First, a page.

|Last updated: 01/10/2014|
The International Treaty on Plant Genetic Resources for Food and Agriculture launched its third call for project proposals under its Benefit-Sharing Fund (BSF). With over USD 10 million available for supporting new projects aimed at the conservation and sustainable use of plant genetic material in developing countries, this is the largest call to date.
“Applicants from the 91 developing countries that are Contracting Parties of the International Treaty are eligible to submit project proposals,” said Dr Shakeel Bhatti, Secretary of the International Treaty on Plant Genetic Resources for Food and Agriculture. “The Benefit-Sharing Fund aims to benefit farmers who conserve biodiversity and has already made a positive impact on over 15,000 farmers in 55 countries, by investing almost USD 9.6 million through 41 projects since 2009.”
This 3rd round of projects is encouraging regional and inter-regional ventures and inviting proposals for two types of projects: ‘Immediate Action Projects’ and projects for the ‘Co-development and Transfer of Technology.’
Through the ‘Immediate Action Projects,’ the Treaty’s Fund will continue to boost farmers’ livelihoods and assist them in adapting agriculture to the impacts of climate change. The new type of projects on ‘Co-Development and Transfer of Technology’ will promote international cooperation through innovative partnerships, focusing on capacity-building, information exchange and technology transfer.
Eligible applicants include governmental and non-governmental organizations – including farmers and farmers’ organizations, genebanks and research institutions, as well as regional and international organizations – based in countries that are Contracting Parties to the International Treaty. Applicants have until 05 May 2014 to submit their pre-proposals via official channels.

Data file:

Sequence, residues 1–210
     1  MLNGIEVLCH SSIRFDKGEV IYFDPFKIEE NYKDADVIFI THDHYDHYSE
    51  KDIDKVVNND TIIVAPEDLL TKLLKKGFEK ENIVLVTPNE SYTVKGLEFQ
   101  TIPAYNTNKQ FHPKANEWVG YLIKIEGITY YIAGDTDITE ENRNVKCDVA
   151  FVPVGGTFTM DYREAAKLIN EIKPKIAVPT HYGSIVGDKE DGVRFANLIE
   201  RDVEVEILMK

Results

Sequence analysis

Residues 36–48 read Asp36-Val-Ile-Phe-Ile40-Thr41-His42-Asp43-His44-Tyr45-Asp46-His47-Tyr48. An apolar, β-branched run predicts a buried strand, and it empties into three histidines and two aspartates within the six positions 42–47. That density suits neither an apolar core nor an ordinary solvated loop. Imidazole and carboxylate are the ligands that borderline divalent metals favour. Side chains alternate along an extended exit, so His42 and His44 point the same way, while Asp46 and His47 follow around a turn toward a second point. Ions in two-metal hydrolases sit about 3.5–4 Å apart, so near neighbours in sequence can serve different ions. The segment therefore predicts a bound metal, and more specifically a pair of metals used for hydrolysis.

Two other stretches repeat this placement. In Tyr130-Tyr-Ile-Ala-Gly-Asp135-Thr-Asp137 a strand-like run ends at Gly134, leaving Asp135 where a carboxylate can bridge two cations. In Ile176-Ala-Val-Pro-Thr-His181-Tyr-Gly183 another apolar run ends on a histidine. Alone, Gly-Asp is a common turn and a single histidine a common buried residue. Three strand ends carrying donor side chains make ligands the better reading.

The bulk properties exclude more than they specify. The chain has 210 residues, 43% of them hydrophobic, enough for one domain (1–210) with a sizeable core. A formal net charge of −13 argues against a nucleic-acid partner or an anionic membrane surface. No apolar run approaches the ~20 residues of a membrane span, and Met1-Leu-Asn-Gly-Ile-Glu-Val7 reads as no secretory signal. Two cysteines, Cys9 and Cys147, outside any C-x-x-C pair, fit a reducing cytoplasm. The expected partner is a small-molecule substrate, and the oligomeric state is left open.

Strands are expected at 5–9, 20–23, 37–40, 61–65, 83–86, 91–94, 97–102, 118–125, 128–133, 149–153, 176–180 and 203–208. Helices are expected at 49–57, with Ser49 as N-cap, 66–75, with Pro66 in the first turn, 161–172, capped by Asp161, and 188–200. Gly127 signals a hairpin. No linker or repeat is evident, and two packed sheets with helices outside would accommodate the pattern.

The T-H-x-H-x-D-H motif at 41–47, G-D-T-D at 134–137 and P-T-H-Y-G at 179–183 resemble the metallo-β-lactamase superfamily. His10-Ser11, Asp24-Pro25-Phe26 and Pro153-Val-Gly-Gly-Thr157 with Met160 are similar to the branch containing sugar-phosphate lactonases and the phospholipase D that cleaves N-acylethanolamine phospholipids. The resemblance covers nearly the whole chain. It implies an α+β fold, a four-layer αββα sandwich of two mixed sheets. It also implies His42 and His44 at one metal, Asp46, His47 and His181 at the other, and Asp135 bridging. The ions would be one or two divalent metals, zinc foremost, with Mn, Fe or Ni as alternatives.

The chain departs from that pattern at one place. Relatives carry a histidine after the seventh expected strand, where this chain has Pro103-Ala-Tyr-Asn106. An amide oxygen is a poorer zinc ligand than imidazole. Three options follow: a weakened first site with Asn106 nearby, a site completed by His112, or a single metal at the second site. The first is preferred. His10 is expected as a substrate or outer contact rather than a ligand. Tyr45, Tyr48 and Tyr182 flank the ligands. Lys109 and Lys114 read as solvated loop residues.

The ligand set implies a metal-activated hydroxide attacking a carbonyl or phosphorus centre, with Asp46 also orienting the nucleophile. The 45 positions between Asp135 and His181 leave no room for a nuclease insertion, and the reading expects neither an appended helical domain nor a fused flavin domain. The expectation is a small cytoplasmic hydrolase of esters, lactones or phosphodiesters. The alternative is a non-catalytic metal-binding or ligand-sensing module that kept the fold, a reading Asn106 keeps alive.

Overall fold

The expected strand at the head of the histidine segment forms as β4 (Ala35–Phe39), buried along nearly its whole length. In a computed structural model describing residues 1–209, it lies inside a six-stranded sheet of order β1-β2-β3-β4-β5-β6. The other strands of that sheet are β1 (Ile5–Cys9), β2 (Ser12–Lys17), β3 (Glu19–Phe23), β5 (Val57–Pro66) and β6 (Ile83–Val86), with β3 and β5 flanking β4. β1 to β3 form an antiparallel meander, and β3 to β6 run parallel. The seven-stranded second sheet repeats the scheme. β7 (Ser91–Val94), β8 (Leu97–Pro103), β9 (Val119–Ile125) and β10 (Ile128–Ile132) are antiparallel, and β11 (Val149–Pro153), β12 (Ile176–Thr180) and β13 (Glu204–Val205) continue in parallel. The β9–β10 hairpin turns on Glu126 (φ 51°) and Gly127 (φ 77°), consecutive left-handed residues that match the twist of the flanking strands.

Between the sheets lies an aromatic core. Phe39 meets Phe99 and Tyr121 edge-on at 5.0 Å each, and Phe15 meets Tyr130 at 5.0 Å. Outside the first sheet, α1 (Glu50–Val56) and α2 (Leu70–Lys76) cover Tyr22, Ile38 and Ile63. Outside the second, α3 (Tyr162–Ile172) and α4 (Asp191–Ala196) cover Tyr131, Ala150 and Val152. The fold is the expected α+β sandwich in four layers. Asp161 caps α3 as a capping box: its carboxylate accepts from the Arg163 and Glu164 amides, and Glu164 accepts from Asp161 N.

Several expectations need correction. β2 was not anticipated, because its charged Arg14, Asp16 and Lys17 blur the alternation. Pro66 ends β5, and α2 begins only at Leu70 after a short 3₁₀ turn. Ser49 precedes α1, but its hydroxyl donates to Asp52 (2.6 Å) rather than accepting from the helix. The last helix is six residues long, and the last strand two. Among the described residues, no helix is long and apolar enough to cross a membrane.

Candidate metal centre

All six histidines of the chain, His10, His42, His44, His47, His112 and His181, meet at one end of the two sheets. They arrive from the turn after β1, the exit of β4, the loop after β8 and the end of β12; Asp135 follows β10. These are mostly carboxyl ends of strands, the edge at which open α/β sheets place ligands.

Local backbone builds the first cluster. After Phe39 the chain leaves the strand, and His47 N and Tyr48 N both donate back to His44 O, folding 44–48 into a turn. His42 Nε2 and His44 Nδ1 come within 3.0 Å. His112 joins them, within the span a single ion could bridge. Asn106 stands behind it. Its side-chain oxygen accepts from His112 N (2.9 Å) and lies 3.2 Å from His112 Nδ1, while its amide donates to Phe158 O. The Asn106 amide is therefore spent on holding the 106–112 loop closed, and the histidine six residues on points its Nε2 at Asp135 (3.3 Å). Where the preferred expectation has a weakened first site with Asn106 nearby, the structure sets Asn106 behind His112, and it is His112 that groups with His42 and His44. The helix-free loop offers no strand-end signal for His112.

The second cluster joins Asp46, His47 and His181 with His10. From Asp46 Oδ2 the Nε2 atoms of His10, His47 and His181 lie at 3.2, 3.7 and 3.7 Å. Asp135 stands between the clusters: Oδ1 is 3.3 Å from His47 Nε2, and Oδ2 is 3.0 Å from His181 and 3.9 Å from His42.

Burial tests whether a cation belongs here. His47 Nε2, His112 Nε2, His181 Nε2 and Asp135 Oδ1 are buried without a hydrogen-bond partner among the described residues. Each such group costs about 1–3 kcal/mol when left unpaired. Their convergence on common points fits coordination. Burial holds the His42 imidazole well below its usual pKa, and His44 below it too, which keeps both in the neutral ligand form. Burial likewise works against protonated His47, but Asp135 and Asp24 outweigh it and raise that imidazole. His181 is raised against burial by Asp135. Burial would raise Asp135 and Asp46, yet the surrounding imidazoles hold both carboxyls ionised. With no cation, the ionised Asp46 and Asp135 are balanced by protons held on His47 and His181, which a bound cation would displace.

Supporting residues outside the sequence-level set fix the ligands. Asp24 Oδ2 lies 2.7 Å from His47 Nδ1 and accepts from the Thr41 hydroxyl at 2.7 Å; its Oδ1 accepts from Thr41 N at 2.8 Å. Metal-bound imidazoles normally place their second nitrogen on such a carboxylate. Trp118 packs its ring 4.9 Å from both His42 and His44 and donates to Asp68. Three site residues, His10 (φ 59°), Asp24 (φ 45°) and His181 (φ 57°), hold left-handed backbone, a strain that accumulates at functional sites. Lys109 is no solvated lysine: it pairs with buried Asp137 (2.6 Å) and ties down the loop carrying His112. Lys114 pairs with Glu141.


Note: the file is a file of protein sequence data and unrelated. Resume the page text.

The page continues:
After a careful screening and evaluation process, a shortlist of pre-proposal applicants will be requested to submit full proposals. The Treaty Secretariat has set up a help-desk to provide information and assistance to applicants. Following a thorough appraisal by an independent panel of experts, the Bureau of the International Treaty’s Governing Body will approve the list of projects to be funded. Field activities of the approved projects will start by the end of 2014.
The Benefit-Sharing Fund of the Treaty is funded primarily through voluntary contributions, and has been growing steadily since 2008, when the Treaty launched its 1st call for project proposals. The major donors for the 3rd round of projects are Norway, the European Union and Italy.
The 11 projects of the first round of projects, which only had USD 500,000 at its disposal, concluded in 2011 (see report), while the 22 projects of the second round started in 2012-2013 with an investment of USD 6.4 million and are still ongoing (see update).